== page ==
does. So it’s really up to Mike,
if he wants to join the party or not.” Johnston says,
“I asked Mike about it and he said, ‘Maybe we’ll do
a concert or two together. Who knows?’”
“I think he’ll come around at some point,”
Jardine says. “We should do at least a dozen big
shows in the major capitals. I mean, why can’t we
put the fans ahead of us for a change and give them
what they want?”

Or rather, e-mails MOJO
about his most celebrated
songs on Feel Flows.
’Til I Die: “It’s what I was feeling
in my soul and my heart at that
time. And my love for life at the
same time.”
Surf’s Up: “Really complex
lyrics and the melody was such
a beautiful feeling for me
when I finished it.”
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« Reply #4251 on: November 22, 2021, 11:43:51 AM »

Can anyone give me a hint on how to post a picture...?! Hope this does it...!!!

Anyone notice anything wrong here?
« Last Edit: November 22, 2021, 12:10:28 PM by mrski » Logged
Rob Dean
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« Reply #4252 on: November 22, 2021, 12:15:50 PM »

You are certainly not alone, a good number of people (me included) have found the inners of the booklet to be upside down - Quality Control HuhHuh?
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« Reply #4253 on: November 22, 2021, 02:42:18 PM »

Is it the entire book inners that are upside down or just some pages?
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« Reply #4254 on: November 24, 2021, 12:49:21 PM »

Is it the entire book inners that are upside down or just some pages?

The entire book inners are upside down, CDs are the right way up...  Undecided
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« Reply #4255 on: January 19, 2022, 04:40:47 AM »

Brian made an awful lot of music during those sessions for someone "reclusing in his room". But I get it, hewasn't the leader he had been before, that's certainly true. Anyway, this was a nice read.
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« Reply #4256 on: February 11, 2022, 03:15:49 PM »

Yeah that chestnut was put to rest a while ago. Brian was not totally in control but he was still a part of the team up to 1972 and everyone still wanted his input. The flame still burned but I think he was a bit lost without that control and leadership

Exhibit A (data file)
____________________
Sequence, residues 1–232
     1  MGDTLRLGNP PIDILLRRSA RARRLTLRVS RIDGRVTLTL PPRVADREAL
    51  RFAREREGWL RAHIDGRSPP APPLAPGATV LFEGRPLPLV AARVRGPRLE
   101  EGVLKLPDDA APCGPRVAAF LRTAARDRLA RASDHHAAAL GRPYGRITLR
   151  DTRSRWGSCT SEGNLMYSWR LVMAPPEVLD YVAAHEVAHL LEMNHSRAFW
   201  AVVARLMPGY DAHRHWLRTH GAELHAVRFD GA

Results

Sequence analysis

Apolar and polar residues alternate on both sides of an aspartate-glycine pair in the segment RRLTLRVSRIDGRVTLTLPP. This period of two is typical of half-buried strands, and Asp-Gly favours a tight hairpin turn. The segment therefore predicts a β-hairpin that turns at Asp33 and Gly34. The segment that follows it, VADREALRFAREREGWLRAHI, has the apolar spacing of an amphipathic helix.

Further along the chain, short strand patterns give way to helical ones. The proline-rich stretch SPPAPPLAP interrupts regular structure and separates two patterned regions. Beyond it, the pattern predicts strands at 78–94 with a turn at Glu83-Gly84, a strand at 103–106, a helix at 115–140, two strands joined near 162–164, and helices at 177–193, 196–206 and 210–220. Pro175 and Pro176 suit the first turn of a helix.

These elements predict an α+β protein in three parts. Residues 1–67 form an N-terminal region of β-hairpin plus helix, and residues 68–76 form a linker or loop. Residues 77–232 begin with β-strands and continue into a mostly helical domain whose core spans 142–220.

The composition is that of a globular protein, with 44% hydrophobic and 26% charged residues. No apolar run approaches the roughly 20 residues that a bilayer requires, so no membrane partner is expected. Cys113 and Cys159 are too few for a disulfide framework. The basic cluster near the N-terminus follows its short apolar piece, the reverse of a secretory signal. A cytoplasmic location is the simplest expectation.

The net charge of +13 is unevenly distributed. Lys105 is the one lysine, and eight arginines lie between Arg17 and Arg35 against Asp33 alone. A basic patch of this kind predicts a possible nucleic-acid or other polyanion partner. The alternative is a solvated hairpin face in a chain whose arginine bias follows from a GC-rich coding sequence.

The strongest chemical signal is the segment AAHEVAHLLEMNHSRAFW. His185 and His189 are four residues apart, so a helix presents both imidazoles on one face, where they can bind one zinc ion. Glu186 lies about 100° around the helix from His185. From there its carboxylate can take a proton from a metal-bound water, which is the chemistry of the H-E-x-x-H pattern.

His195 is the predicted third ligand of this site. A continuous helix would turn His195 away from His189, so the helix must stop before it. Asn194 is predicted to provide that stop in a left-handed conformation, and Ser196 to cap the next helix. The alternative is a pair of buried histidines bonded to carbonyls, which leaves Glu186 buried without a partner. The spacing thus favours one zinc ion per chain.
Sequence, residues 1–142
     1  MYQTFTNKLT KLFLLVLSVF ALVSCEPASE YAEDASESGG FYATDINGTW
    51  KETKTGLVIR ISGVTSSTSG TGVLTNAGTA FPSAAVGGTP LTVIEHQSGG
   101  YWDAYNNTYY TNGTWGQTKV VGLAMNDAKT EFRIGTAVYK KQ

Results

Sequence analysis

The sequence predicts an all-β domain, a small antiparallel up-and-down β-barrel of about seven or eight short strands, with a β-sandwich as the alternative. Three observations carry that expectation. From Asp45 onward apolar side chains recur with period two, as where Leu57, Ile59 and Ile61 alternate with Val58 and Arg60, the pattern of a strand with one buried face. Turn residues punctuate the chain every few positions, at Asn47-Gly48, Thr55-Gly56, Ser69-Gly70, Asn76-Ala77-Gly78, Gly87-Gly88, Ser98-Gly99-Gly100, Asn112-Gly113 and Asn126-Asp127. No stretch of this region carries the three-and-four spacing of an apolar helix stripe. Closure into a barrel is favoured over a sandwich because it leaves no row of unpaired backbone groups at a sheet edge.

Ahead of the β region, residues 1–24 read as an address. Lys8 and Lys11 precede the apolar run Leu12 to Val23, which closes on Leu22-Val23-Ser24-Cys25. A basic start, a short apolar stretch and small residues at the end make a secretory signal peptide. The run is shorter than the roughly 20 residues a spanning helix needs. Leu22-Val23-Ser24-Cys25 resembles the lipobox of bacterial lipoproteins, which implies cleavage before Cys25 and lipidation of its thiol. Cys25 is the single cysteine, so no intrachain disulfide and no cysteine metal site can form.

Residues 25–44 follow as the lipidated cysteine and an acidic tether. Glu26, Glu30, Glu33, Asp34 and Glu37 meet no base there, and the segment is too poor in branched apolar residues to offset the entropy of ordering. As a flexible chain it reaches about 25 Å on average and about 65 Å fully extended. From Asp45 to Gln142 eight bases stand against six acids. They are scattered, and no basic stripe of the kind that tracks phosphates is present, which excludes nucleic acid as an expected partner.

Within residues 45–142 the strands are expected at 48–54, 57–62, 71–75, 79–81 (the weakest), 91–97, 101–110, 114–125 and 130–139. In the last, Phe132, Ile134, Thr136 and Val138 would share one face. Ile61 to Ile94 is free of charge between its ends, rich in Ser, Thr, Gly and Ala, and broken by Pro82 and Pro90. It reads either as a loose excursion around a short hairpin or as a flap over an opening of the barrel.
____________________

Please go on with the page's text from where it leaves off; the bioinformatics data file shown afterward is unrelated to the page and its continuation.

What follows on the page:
Stephen W. Desper
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« Reply #4257 on: June 23, 2022, 07:22:02 AM »

Unless we're talking about a certain 7 minute plus song.  Shocked (no tongue in cheek emoji I can see, so I've chosen a random one)

Jack and Carl decided Surf's Up needed to be on the album and to be the closer, and wanted to give the impression that Brian was more involved with the album than he was.  It appears this was felt to be what was needed to enhance the commerciality of the project.  I don't think Jack had a problem with Dennis' songs (he wrote the lyrics to 4th of July) and from everything he's said since he would much rather have jettisoned Al's songs or Mike's SDT than Dennis' songs, if he had a choice.  Dennis wanted more of a say and Carl and Jack had their own ideas of the track order.  Really it was kind of petty for Dennis to pull his songs, but there was definitely a power struggle between Carl and Dennis, and Carl won.

COMMENT to Bicyclerider:  From where I was sitting as all this swirled around me . . . As I recall:  (1) the song, Surf's Up's inclusion in the album was a directive issued by  Warners' Mo Ostin., not Jack nor Carl. (2) It was Dennis who insisted that other band member's songs be included in SU since SF was dominated by Dennis' efforts. There is only so much room on an LP and Dennis wished other band members fill the vinyl with their creations for this second album produced by The Beach Boys, not Brian. There was no power struggle between anyone. There was discussion, yes, but a power struggle? No. The understood and agreed upon pecking order was:  Record Company, Carl, everyone else. ~SWD

« Last Edit: June 24, 2022, 10:34:08 AM by Stephen W. Desper » Logged